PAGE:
Division of Research Spotlight
The Kaiser Permanente Division of Research conducts, publishes, and disseminates epidemiologic and health services research to improve the health and medical care of Kaiser Permanente members and society at large. We seek to understand the determinants of illness and well-being, and to improve the quality and cost-effectiveness of health care. Currently, DOR’s 550-plus staff is working on more than 350 epidemiological and health services research projects.
New Kaiser Permanente study finds continuous glucose monitors are associated with improved blood sugar control and fewer visits to the emergency room for hypoglycemia in type 2 diabetes patients treated with insulin.
Andy Avins, MD, MPH, has been studying what works, and what doesn't, in medical care ever since a chance encounter in the hospital library with a journal that introduced him to the concept of evidence-based medicine.
Even if emergency personnel were able to use the best stroke assessment tool available, most patients taken directly by ambulance to a comprehensive stroke center could have been treated at a primary stroke center instead, a new Kaiser Permanente study suggests.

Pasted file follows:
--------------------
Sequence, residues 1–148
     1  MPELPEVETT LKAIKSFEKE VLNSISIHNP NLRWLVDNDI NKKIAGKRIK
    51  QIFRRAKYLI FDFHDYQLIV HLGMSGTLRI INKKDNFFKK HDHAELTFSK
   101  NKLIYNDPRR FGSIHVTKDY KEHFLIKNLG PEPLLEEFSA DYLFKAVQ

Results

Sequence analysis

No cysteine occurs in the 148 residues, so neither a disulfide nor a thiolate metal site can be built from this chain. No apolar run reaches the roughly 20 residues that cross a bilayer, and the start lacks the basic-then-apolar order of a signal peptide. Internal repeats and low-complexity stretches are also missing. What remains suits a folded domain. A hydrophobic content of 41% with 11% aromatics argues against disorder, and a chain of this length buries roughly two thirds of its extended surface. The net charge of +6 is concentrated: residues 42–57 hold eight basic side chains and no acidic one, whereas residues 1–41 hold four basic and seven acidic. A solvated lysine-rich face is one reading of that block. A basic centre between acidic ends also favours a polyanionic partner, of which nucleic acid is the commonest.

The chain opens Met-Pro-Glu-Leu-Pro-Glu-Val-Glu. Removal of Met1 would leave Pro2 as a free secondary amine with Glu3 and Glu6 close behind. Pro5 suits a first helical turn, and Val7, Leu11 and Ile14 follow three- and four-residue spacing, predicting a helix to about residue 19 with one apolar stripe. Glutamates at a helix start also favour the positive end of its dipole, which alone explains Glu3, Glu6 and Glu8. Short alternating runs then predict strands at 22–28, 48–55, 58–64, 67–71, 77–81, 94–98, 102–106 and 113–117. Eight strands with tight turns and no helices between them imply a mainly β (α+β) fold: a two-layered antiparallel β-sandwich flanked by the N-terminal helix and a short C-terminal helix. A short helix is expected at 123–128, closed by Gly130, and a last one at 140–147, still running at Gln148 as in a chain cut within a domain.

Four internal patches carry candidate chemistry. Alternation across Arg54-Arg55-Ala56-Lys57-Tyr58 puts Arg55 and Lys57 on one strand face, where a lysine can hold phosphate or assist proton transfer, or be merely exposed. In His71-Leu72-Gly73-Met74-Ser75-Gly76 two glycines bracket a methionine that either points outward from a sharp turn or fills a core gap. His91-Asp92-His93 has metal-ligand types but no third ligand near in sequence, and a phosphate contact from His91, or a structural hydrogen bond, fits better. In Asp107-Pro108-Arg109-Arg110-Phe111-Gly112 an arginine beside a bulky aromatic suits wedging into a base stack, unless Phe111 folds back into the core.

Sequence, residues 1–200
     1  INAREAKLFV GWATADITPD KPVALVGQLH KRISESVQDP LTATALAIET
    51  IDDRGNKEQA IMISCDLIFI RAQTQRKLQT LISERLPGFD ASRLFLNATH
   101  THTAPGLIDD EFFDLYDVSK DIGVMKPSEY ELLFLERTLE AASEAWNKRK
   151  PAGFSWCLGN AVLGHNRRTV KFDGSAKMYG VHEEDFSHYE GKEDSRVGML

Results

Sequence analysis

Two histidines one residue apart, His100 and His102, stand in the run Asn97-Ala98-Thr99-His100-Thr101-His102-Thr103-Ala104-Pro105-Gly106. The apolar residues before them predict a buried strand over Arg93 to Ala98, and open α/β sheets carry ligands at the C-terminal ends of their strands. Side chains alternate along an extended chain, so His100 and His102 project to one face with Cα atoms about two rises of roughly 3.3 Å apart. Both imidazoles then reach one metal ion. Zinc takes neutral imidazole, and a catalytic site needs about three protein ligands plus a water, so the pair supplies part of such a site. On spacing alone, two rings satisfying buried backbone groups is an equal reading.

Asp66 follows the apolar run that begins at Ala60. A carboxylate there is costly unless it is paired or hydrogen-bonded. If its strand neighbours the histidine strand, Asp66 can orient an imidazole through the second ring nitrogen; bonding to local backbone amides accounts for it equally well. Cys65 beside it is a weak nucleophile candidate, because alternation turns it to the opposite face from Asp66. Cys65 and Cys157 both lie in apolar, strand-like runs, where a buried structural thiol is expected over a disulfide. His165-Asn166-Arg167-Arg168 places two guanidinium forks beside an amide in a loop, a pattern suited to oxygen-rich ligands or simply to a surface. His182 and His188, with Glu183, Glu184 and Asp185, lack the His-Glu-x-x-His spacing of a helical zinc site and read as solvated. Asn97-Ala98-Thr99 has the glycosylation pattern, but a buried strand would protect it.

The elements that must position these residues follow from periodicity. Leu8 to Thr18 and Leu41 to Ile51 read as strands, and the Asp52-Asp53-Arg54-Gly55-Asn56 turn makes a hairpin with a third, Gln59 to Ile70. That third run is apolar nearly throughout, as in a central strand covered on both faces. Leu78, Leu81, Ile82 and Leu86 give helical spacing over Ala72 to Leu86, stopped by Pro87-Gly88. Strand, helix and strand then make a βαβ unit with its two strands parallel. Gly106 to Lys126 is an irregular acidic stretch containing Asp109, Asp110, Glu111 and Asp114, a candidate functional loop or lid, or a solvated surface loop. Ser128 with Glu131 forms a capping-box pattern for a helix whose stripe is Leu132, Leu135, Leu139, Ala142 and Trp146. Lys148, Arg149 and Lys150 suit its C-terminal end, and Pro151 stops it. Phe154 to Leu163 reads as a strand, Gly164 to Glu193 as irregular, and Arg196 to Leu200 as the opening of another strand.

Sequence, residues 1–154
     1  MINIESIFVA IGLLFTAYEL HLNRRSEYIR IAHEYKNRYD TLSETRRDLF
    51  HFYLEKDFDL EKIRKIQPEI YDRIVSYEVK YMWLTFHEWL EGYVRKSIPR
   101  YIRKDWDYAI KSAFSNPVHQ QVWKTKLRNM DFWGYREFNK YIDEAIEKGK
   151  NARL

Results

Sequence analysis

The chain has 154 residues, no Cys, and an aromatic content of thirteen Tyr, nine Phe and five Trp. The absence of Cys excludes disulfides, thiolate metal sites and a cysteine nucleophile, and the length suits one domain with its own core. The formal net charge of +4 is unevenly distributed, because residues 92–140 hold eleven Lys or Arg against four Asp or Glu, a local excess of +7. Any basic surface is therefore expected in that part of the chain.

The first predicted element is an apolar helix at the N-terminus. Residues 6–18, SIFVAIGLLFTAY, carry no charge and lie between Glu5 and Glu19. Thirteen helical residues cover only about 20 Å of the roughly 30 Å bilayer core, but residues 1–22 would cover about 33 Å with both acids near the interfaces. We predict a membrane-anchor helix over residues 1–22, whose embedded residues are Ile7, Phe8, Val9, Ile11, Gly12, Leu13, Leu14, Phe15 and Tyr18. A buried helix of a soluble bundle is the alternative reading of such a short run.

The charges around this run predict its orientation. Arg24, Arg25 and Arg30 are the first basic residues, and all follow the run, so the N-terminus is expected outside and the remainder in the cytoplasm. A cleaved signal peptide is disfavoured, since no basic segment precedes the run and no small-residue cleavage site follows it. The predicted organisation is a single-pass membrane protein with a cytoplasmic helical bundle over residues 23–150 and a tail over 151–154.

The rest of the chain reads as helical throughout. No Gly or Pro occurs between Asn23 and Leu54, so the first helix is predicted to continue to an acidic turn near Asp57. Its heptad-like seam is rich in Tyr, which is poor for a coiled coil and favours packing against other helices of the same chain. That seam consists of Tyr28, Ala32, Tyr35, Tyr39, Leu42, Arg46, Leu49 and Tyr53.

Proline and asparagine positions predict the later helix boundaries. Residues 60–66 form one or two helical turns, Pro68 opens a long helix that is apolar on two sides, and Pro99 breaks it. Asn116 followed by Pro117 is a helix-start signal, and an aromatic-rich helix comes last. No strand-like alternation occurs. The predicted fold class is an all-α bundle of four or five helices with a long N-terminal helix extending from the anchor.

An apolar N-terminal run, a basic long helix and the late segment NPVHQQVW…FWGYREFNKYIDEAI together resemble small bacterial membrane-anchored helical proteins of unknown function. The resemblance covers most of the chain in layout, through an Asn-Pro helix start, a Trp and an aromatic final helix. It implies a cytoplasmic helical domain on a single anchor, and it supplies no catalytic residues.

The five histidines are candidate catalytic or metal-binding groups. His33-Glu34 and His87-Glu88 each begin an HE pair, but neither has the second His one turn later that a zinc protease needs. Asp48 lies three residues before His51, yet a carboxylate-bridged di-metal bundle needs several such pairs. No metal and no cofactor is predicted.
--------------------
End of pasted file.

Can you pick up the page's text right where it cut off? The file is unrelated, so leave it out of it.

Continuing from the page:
Kaiser Permanente study shows computerized interpretation of doctors’ echocardiogram reports can identify patients with aortic stenosis.
Kaiser Permanente study finds less use among Black, Hispanic, and Hawaiian/Pacific Islander patients compared to white and Asian patients.
Kaiser Permanente researchers have developed a more precise way to assess a patient's risk of a heart attack, stroke, or other major heart-related problem within the next 60 days.
Black patients with heart failure have higher rates of hospitalization for heart failure but lower rates of death than white patients with heart failure, a new Kaiser Permanente study shows.
New Kaiser Permanente study aims to help providers improve the health of patients most likely to sustain high medical costs, frequently use the emergency department, or need to be hospitalized.
A sophisticated system that analyzes electronic data about hospital patients, identifies those at risk of deteriorating, and issues an alert to a centralized team of specially trained nurses resulted in a lower mortality rate, Kaiser Permanente researchers reported in the New England Journal of Medicine.
Three Kaiser Permanente physicians have joined The Permanente Medical Group Physician Researcher Program, which allows them to continue their clinical work while pursuing specific research projects.